Prior to formal dance classes, children often learned to dance from their parents or their friends. Dancing was ordinary and commonplace, and the home played an integral part in dance transmission. Though it is most likely that the entire family participated in dancing to some degree in its initial stages, currently female dancers make up a large constituent of the contemporary Irish Dance field. Many Irish Dance schools in the United States are owned and operated by female teachers. Jean Butler, who was the lead female dancer in the original Riverdance show with Michael Flatley, has exemplified how successful an Irish-American woman can be in the Step Dance arena. Appalachian percussive dance has evolved from informal dancing to highly stylized footwork and will continue to adapt to keep up with modern performance trends. Whether it is simply tapping your feet under the kitchen table or competing at the Irish Dance World Championships, there is something for everyone to enjoy!
Working with Copper – Demo on the Porch – Saturday, October 8 10:00 – 2:00. Light coppersmithing using hand tools to make simple flowers and jewelry. You won’t want to miss this presentation.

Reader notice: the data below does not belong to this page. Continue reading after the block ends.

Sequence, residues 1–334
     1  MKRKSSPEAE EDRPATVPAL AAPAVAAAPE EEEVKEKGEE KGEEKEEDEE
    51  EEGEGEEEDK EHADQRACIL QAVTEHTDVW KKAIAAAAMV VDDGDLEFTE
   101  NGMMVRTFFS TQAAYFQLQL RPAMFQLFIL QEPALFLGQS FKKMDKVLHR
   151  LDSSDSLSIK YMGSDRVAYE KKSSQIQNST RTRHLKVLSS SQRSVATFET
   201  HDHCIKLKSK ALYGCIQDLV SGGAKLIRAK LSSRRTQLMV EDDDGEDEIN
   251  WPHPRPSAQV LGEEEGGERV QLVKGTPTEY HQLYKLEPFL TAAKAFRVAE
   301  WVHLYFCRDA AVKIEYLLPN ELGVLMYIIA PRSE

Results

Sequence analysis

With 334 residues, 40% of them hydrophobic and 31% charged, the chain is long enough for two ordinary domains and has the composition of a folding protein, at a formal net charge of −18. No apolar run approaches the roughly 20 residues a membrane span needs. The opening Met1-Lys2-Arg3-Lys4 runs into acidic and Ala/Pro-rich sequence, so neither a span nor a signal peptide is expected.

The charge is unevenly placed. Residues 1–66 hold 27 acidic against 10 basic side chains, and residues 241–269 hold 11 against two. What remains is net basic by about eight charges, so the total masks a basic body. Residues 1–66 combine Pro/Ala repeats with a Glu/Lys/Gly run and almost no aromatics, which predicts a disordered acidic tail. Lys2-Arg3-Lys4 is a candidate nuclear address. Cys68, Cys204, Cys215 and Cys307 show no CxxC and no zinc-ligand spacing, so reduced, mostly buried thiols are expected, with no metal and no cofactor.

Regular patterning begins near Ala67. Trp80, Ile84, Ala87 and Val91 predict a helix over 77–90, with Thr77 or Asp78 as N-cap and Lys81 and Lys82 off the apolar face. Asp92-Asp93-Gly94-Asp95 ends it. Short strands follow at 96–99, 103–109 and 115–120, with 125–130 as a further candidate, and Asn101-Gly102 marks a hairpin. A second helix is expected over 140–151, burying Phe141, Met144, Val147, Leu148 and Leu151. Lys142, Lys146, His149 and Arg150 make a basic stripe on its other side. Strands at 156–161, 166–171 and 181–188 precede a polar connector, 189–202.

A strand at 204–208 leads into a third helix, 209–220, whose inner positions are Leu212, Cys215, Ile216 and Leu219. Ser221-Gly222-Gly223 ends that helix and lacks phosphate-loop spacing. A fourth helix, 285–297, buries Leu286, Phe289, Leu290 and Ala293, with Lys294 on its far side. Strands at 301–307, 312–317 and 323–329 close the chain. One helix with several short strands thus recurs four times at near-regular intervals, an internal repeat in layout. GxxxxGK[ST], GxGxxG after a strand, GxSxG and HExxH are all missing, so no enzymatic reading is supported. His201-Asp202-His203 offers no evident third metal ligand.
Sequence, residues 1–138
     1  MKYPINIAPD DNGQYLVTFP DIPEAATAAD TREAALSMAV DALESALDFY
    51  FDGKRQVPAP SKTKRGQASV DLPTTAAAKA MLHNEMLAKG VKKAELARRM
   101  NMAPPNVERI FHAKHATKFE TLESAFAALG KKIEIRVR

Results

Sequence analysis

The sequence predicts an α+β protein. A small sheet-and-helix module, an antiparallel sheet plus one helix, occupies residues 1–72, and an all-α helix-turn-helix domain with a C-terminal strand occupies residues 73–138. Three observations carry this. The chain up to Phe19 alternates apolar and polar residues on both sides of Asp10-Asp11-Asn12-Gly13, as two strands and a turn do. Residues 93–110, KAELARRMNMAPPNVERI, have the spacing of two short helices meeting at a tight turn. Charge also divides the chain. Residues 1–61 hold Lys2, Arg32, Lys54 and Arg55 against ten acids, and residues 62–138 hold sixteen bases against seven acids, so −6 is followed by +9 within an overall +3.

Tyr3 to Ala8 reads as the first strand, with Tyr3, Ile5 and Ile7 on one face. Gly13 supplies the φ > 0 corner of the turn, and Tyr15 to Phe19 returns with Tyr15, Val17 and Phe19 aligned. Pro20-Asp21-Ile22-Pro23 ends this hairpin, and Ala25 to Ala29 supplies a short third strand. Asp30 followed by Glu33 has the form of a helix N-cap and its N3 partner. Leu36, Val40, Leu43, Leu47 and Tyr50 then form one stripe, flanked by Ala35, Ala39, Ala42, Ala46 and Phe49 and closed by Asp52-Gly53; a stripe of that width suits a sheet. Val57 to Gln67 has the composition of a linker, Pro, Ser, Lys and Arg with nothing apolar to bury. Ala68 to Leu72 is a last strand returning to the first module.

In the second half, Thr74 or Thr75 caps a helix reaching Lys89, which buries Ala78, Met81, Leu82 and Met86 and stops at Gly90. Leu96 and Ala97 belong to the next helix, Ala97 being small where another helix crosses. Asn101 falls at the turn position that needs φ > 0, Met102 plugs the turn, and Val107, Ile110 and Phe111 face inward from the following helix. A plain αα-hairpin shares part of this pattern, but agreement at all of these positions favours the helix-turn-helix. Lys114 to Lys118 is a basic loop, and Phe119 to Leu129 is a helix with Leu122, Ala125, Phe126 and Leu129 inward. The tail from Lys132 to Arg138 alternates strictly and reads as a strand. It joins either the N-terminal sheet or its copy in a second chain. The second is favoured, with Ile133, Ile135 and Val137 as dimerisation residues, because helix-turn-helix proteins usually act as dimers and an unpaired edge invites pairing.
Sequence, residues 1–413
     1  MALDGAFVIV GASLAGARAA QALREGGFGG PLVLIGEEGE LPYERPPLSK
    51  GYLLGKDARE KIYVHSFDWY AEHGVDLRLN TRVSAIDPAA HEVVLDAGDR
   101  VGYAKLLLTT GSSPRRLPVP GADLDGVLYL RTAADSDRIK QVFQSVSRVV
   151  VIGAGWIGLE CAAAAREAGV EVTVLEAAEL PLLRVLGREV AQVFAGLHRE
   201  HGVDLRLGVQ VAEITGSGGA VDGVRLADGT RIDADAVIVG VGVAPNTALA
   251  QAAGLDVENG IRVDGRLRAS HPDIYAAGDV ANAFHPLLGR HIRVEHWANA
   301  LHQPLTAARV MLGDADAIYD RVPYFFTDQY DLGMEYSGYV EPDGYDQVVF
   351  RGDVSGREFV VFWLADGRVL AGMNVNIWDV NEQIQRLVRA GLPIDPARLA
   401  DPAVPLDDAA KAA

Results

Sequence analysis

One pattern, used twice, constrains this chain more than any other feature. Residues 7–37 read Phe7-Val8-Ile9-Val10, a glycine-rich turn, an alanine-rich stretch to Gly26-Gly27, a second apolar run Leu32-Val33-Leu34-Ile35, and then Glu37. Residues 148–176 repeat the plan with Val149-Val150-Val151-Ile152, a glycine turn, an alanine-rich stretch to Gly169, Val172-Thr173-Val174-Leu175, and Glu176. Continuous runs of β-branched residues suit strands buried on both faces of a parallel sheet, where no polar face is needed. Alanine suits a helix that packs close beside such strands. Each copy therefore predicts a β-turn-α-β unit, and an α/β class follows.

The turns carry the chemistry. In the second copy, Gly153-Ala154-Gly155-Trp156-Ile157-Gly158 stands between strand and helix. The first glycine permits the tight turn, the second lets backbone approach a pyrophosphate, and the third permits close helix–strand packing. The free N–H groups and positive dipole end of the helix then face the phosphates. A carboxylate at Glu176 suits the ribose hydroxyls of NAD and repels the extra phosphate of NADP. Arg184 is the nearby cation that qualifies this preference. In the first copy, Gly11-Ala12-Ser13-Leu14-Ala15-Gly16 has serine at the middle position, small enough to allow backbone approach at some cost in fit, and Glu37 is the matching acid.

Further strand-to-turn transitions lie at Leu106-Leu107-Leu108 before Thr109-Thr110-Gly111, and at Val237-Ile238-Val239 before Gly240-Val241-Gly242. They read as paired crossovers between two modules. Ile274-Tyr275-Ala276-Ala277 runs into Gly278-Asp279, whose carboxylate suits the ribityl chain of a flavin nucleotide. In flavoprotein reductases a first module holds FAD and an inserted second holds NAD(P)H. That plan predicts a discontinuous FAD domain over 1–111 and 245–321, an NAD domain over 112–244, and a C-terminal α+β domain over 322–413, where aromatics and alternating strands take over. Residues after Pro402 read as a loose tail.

Pumpkin Decorating on the Porch for kids with adults – FREE – Saturday, Oct. 29, 12:00 – 2:00
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History of Irish Step Dancing
Irish Dance History from the Claddagh School of Irish Dance
Perhaps the history should begin with the Celtic peoples, also known as the Gaels. These peoples spread over Western Europe including France, Northern Spain, and the British Isles, spreading to Ireland in the 3rd century BC. Saint Patrick introduced Christianity into the country in the 5th century AD. Although little is known about the dancing in this period, the artwork survived and has influenced Irish dance costumes. Many of the designs on current day costumes are based upon illustrated manuscripts of the Bible, the most famous of which is the Book of Kells.
The Viking raids during the 10th century destroyed most of the books in existence; however, it is certain that music and dance played an important part in the Gaelic culture. The Traditional Irish culture continued through the Middle Ages when dances were once again recorded. It is not clear whose dances influenced whom among the Irish, English and French, but it is characteristic that the Irish dances had a faster tempo.
Irish dance and culture continued to evolve and in the mid 1700's, Dance Masters began the tradition of traveling village to village teaching the various dance steps they had created. It is from these teachers that the current day Irish set and ceili dances originated.